## SSS Abstracts |

In a realizability model we take as true those statements which can be demonstrated by programs. A program which demonstrates a statement is called a `realizer' for the statement. We can think of realizers as evidence of a statement's truth. For example, an implication ``if A then B'' is considered true if there is a program that transforms evidence of A into evidence of B. Depending on what programs we take into account (do we allow parallel execution, exceptions, and timeouts?) we get different realizability models, each having its own set of valid rules of logic.

If we want to perform computations on mathematical objects, such as real numbers, differential equations, and topological spaces, we construct them by using the logic of a realizability model, and look at the realizers so obtained. They correspond to algorithms and data structures that best capture the nature of the desired mathematical objects.

As an example, I will show how the construction of real numbers in a realizability model suggests an implementation of arbitrary precision arithmetic. What we get is almost the IEEE floating point arithmetic. From this we draw the conclusion that IEEE almost got its floating point standard right.

I will present an interactive method for intuitive, hands-on control of rigid body motion. This technique relies on a simple extension of the traditional rigid body dynamics formulation. To change the motion, the artist freely manipulates the bodies at any point in time and the system computes the required physical parameters for the new motion. Although this method shows promise, it is still incomplete. I will address in detail the most difficult unresolved problem, which will be of special interest to those interested in machine learning, robot path planning and optimization over discrete domains.

Mobility introduces some significant constraints of its own --- mobile machines are severely constrained by the need to conserve battery power. Wireless network connectivity is often low-bandwidth, unreliable, and expensive in terms of both battery power and money.

In this talk, I will introduce the notion of multi-fidelity computations, and how they can help applications to operate within these resource constraints. I will then discuss my approach to providing operating system support for multi-fidelity applications.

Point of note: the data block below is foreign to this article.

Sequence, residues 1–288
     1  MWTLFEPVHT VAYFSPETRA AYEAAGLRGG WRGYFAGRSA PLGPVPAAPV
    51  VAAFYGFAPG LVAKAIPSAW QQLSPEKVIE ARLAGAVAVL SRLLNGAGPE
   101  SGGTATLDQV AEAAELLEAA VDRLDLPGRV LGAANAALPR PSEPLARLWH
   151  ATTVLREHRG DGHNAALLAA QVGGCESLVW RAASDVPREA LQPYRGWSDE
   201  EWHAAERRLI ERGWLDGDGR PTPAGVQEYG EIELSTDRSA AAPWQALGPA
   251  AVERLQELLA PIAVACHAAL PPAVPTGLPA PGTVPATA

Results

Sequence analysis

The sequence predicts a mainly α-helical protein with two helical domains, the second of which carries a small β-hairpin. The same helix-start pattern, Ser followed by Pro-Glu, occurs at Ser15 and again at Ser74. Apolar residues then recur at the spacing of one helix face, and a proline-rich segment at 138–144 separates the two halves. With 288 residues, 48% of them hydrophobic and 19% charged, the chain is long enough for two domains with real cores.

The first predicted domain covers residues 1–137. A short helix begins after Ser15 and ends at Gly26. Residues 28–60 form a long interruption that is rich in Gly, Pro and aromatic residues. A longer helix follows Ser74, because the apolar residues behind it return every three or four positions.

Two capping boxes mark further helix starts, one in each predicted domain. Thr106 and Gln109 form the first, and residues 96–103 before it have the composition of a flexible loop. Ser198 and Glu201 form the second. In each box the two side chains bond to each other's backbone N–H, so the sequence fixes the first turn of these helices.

But this cuts both ways: convincingly demonstrating that extracting such patterns is possible counts for empirical evidence against the efficient markets hypothesis. This has led to a line of economics research where machine learning techniques are used to find trading rules that produce beat the market consistently in out-of-sample data.

I will discuss the use of genetic programming to automatically discover these trading rules. Unfortunately, financial data is much noisier than datasets machine learning has traditionally been applied to. and this causes an shift of emphasis in the algorithm: instead of concentrating on search, understanding the representation and the data itself in relation to issues of overfitting is the key to success. Finally, I will discuss the idea of using text data in to supplement price data, and present some preliminary results using data collected from online stock chat boards.

My talk provides a brief history of how on-line community has been represented within models of Internet commerce. My research critically examines the arguments, narratives and rhetorical strategies drawn on within contemporary business texts to represent on-line community. It examines how the 'discourse of community' employed in these texts represents the possibilities of assembly, access, public use, and the control and ownership of knowledge produced by community members.

My talk provides a critique of some of the ways in which contemporary business models seek to commodify and privatize on-line community, and to police, order and regulate social interaction, cultural practices, community formation and knowledge production on-line. It also discusses why academics have an interest in involving themselves in helping organize alternative models of on-line community formation and knowledge production in the context of moves to corporatize and commodify higher education.

http://www.firstmonday.org/issues/issue4_9/werry/index.html

Link to related paper.